An Interview With
Ardvreck 1984 – 1989
University and what you studied:
Newcastle Uni, Pure Maths, 1st class honours
Where are you now?
I live and work in the beautiful city of Edinburgh, where I’m lucky enough to be the father of 2 (Digby 6 and Rosie 5), married to my lovely and exceptionally patient wife Jo.
What are you up?
Life is busy but brilliant. I feel very lucky to be able to be able to work on the climate change challenge at one of the world’s most influential companies AND to have the amazing family life that we have too
– I am an actuary and work extensively around sustainability and climate change issues in financial services. Really thrilled to have joined Ernst & Young and more on that here.
– I’m highly motivated by the need to address climate change and am the chair and founder of the UK branch of Protect Our Winters – a charity whose mission is to equip the UK outdoor community to take positive action on climate change.
– I love the outdoors and particularly sailing up the West Coast of Scotland, skiing in the Alps and kitesurfing wherever I can!
What is your overriding memory of your time at the school?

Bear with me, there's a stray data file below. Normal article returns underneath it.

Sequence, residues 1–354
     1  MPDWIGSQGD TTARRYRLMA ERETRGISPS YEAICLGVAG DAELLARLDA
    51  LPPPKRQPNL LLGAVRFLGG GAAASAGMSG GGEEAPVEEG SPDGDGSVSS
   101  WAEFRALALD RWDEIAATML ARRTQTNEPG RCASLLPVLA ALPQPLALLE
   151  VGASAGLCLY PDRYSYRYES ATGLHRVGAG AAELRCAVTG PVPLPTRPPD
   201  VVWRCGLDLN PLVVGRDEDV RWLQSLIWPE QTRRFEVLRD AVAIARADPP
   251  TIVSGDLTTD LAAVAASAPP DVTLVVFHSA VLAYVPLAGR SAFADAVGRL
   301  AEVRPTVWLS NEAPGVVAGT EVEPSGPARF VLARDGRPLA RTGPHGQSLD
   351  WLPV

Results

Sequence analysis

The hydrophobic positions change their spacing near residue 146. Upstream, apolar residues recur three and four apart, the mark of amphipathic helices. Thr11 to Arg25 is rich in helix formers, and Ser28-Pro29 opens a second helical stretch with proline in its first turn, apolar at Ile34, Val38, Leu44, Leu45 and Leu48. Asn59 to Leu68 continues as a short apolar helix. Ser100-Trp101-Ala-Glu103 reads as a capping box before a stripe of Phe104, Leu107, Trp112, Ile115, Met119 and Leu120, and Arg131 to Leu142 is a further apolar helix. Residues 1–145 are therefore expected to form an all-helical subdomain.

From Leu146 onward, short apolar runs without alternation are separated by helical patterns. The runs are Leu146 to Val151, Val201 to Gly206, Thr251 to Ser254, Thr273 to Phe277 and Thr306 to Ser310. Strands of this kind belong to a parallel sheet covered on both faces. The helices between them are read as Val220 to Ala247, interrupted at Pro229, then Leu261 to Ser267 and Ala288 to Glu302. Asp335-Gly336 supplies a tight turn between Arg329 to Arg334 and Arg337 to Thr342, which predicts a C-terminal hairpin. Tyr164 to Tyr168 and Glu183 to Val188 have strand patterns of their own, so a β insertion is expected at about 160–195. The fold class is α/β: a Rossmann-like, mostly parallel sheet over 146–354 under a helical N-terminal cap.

An amazing sense of freedom, a really good amount of time outdoors and lots of fun – with fond memories of Barvicks and the Knock. We actually moved back to Crieff for a few years recently and it was amazing to run around the Knock again! Its hard to distill those years into one memory but overall I would say Ardvreck had an incredibly good culture – supportive, kind, hard-working and fun – you don’t get that everywhere.
What do you think sets an Ardvreckian apart from the crowd?
A bottle green jumper of course! I’d go back to that culture really and how that is reflected in individuals – and when I think of the great teams and experiences I’ve been lucky enough to be part of post Ardvreck those elements have been key.
What did you want to be when grew up?
I had no idea! I’ve always loved the outdoors though so I think most dreams revolved around adventures of some sort – hence why I spend 4 winters in the French Alps after University.
What inspires you?
I take huge inspiration from people. I am continually surprised and delighted by the amazing things people do – and constantly have to remind myself that almost everyone has hidden depths. I am particularly inspired by people with a deep sense of purpose, whether that is linked to scaling mountains or improving the state of the world.
Would you consider yourself happy?
I think there is too much emphasis on happiness these days. For me a better measure is satisfaction – if you can find something you love doing, you are good at, the world needs and that you can be paid for – then you will find a much deeper satisfaction (you may recognise the Japanese concept of Ikigai).